Although there are thousands of edible plant species, only a relatively small number have been domesticated, i.e. converted to widespread usage by humans. Three crops—wheat, corn, and rice—provide nearly 60 percent of total plant calories that humans consume. Other major crops include potatoes, soybeans, cassava, sorghum, and legumes. The three top crops are grown worldwide, though certain regions are known for specific crops. For example, the United States supplies almost half of the world’s 800 million tons of corn annually, followed by China, Brazil, and Mexico. China, India, and the U.S. are the largest wheat producers, and almost 95 percent of all rice is grown in Asia. And, while 16 percent of total wheat production reaches the world’s markets, rice is primarily consumed where it is grown and only 5 percent makes it to the world market.

Wheat is one of the oldest cultivated crops, beginning around 10,000 years ago in the area known today as the “Fertile Crescent” between the Tigris and Euphrates rivers. Evidence suggests that wheat was used for making bread in Egypt by 5000 BC and its cultivation had spread to Europe by 4000 BC. Although the U.S. is the third largest wheat producer in the world, large-scale cultivation did not begin until the late 1800s when European settlement moved into the central plains. Today, approximately 700 million tons of wheat are grown annually around the world.

Rice continues to be a critical staple for nearly half of the world’s population, and for whom rice cultivation is the sole or primary source of food. Although rice is a good carbohydrate source, it does not provide adequate nutrition—an issue of increasing concern in the developing world where almost three billion people obtain most of their daily nutrients from rice. These populations can suffer from micronutrient deficiencies, most notably a lack of vitamin A.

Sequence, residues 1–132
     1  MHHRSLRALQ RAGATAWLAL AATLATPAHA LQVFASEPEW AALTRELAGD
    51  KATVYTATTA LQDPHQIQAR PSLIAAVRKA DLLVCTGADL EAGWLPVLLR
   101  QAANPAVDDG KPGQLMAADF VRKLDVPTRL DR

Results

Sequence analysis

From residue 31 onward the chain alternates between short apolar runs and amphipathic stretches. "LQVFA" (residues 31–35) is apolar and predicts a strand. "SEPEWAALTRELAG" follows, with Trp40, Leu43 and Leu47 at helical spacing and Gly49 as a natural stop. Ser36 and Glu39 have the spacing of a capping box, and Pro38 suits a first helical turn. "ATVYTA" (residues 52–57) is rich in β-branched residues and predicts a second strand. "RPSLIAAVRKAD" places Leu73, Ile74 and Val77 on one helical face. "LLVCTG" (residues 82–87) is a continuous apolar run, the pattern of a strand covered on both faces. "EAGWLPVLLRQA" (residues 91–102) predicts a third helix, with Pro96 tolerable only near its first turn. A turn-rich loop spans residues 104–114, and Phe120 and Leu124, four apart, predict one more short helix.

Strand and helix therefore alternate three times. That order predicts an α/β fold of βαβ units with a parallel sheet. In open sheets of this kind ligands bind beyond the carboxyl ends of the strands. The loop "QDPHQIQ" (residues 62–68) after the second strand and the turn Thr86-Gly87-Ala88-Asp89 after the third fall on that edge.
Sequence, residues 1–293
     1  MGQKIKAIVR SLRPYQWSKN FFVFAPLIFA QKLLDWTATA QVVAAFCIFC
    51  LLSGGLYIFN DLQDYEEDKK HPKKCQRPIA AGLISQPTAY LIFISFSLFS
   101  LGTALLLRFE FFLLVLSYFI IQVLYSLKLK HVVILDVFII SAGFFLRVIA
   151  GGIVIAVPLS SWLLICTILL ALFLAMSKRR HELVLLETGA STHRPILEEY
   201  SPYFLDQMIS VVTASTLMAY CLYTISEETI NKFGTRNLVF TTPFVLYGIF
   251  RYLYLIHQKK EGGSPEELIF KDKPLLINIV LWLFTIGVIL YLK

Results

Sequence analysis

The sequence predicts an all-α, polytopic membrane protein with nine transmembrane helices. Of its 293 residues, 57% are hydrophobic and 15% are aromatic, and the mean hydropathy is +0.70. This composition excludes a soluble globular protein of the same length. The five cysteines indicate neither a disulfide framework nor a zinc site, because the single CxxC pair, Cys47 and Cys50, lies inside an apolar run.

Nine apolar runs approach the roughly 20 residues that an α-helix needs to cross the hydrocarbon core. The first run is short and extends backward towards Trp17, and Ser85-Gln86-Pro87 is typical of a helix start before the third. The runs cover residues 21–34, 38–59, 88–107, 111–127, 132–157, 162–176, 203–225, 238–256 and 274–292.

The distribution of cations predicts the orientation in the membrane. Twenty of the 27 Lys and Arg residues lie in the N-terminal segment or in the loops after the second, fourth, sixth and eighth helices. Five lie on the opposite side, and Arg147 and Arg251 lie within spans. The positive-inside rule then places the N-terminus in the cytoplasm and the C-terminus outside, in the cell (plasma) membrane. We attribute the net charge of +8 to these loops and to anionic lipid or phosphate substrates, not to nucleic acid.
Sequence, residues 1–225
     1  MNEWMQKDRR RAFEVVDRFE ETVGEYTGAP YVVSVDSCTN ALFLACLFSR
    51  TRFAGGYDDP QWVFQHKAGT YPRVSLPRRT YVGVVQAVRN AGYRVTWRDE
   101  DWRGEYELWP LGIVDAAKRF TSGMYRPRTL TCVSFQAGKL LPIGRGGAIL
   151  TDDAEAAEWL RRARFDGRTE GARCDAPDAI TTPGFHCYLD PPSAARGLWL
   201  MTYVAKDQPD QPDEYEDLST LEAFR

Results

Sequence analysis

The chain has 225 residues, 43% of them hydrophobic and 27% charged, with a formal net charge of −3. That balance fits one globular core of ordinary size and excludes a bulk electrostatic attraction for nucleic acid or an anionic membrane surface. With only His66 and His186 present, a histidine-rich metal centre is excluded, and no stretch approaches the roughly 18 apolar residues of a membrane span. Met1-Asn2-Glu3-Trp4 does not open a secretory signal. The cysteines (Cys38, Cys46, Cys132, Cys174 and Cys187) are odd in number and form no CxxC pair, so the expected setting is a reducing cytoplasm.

Corn (or maize) is thought to be a domesticated version of the wild cereal grass teosinte, and was likely cultivated between three and four thousand years ago in Mesoamerica. It is still one of the most common crops grown in the Americas. Only about one percent of the corn that is grown is eaten as whole or processed grain (sweet corn, corn chips, or tamales); more than 50 percent is used as animal feed—primarily for cattle, hogs, and chickens—and the remainder is consumed either as starch or in the form of corn sweeteners. More recently, an increasing amount of land area has been dedicated to growing corn due to the demand for ethanol, a corn-based fuel. In 2007, ethanol production became the second largest use of corn grown in the U.S. The sustainability of this use is controversial.